Updated: Nov 15
By Shi Bradley
The 1980s and 1990s marked the beginning of rave culture as we know it. People gathered in large fields and warehouse buildings in funky, unique clothing, jamming out to ear-shattering music. Now, raves continue to be a phenomenon in our culture. People all over the world spend hundreds of dollars to be a part of large festivals with crazy lights, elaborate fashion, and electrifying EDM sounds.
Prior to attending the PHX Lights festival, I had never been to anything even resembling a rave. I had been to a few concerts, sure, but nothing as big as PHX Lights was.
I came in with just a vague understanding of what a large festival would be like. I anticipated loud music, lots of people, and some fun, unique outfits. However, I underestimated just how sheerly euphoric and spectacularly overwhelming the entire experience would be.
Immediately upon entering the venue, the energy from the enormous crowd of people hit me like a truck. The music blares through speakers and the sound travels miles beyond the stage, coursing through every bone in your body. The venue is adorned with colorful neon lights and extraterrestrial-themed decorations. People are everywhere. They are walking, dancing, eating, drinking, laughing, and generally filled with authentic energy.
The fashion of the event was powerful. Attendees were decked out in outfits you don’t see every day. They were dressed in neon and metallic bikinis, chunky boots, crazy, Euphoria-esque makeup, and covered in glitter and sparkle. There were people wearing leather from head to toe, people, in western-inspired fits, there were even people wearing full animal masks! It was incredible to see so many different people simply wearing what they wanted and being authentically themselves.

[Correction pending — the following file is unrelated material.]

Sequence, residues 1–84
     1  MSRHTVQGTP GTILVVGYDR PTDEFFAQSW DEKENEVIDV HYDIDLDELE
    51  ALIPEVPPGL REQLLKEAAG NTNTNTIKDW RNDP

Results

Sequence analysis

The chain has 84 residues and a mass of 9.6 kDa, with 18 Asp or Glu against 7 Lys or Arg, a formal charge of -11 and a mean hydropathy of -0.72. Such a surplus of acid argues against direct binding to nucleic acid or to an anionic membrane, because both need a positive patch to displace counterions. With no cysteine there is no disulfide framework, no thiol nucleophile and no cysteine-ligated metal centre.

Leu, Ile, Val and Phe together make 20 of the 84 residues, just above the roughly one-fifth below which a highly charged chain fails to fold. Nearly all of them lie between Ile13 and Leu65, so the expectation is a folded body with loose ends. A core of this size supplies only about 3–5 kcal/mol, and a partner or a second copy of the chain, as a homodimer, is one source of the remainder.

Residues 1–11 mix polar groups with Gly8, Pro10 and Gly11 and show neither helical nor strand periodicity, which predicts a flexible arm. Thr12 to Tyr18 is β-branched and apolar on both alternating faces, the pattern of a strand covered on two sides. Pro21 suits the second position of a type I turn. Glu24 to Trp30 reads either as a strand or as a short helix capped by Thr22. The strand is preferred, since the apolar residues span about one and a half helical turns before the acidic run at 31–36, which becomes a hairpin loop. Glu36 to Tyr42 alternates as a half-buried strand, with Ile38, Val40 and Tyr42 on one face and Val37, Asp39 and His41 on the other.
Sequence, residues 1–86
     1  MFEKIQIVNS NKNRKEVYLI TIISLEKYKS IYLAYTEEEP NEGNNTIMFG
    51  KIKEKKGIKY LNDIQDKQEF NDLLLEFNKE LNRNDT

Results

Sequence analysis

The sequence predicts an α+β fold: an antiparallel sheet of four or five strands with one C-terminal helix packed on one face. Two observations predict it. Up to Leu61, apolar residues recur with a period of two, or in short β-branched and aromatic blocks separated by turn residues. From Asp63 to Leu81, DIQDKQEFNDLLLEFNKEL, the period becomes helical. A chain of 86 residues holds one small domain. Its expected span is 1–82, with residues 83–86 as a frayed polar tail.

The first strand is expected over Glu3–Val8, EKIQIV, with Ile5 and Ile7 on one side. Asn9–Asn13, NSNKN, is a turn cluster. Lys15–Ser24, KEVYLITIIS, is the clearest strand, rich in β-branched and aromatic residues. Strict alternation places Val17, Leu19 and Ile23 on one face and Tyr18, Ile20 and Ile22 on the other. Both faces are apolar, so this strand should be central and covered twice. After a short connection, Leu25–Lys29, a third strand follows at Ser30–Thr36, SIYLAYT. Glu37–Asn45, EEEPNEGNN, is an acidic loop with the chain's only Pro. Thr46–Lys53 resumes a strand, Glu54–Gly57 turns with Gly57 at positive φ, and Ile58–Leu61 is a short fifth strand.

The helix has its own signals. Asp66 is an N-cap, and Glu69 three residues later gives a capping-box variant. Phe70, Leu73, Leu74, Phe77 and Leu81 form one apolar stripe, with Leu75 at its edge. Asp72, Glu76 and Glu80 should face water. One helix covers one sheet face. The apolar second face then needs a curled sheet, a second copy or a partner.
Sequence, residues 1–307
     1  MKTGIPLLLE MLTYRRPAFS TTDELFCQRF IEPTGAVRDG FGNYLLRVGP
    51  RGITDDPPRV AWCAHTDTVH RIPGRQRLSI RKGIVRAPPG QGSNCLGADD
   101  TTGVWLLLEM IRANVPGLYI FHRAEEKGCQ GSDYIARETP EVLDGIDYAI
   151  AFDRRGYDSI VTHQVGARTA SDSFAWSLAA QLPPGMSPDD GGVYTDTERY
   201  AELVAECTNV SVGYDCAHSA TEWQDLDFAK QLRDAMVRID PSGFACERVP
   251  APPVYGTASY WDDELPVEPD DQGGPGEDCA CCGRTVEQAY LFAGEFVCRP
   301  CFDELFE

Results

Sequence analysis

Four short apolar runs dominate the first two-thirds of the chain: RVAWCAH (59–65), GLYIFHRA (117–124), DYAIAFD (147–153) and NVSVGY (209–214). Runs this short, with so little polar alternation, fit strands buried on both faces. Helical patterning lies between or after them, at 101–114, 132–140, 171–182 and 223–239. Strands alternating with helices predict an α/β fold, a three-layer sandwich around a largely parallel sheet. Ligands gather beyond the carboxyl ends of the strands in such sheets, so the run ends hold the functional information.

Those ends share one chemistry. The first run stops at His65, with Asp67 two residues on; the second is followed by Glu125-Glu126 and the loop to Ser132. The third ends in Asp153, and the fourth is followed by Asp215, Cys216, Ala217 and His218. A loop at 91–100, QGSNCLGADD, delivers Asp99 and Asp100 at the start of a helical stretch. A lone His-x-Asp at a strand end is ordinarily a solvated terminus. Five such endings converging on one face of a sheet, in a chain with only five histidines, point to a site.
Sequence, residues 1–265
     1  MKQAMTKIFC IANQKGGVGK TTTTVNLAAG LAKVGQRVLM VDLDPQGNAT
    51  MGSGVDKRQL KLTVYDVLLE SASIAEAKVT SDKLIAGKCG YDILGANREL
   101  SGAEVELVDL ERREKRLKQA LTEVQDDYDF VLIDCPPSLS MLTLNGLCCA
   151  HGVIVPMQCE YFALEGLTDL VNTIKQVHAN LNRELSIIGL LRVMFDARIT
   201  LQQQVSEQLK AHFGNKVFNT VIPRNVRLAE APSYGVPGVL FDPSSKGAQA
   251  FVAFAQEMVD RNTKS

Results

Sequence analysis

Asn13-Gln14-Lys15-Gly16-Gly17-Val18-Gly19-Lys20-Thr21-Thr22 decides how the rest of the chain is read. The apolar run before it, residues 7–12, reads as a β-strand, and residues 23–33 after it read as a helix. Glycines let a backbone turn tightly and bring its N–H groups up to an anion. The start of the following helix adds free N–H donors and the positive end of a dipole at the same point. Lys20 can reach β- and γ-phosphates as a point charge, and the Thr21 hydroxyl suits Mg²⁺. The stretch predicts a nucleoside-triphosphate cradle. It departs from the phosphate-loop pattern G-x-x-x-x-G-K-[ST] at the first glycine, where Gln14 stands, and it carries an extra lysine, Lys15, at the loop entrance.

Of course, what people come to festivals for is the musical experience. The lineup was filled with incredible performances from well-known DJs such as Afrojack and Martin Garrix. For six hours straight, I witnessed an exhilarating lineup of remixes, smash hits, and more underrated songs from these DJs. I spent hours being showered with pools of flashing lights, neon lasers, flame effects, and fireworks. The light show at first was incredibly mesmerizing. Hardly anything could feel like more of a euphoric sensation than looking up at the sky and feeling like you’re swimming under an ocean of neon lights.
The energy of the crowd never died. For six hours, people were jumping, dancing, and screaming at the top of their lungs. While the energy at times made for an uncomfortable experience, with people randomly shoving me and in general being a bit too close for comfort, the crowd’s energy made sure the night felt exciting and fun.
The festival also provided a great opportunity to connect with others. While at the festival, I was able to meet a group of ASU students, who were super excited when I told them it was my first rave. One girl even gave me a Kandi bracelet, a tradition I’ve always wanted to be a part of.
After hours and hours of singing, jumping, and dancing, the festival came to a close. The grand show of fireworks and light effects, as well as Martin Garrix’s goodbye, would signal the time to head out of the venue and call your Uber– which is another adventure in itself. While standing for hours waiting for transportation in the cold was an exhausting experience, I kept some warmth in knowing that I had just been to my first rave. I shared a beautiful, energetic experience with thousands of people, and it was one that I’ll hold close to me as I go to more raves and festivals in the future.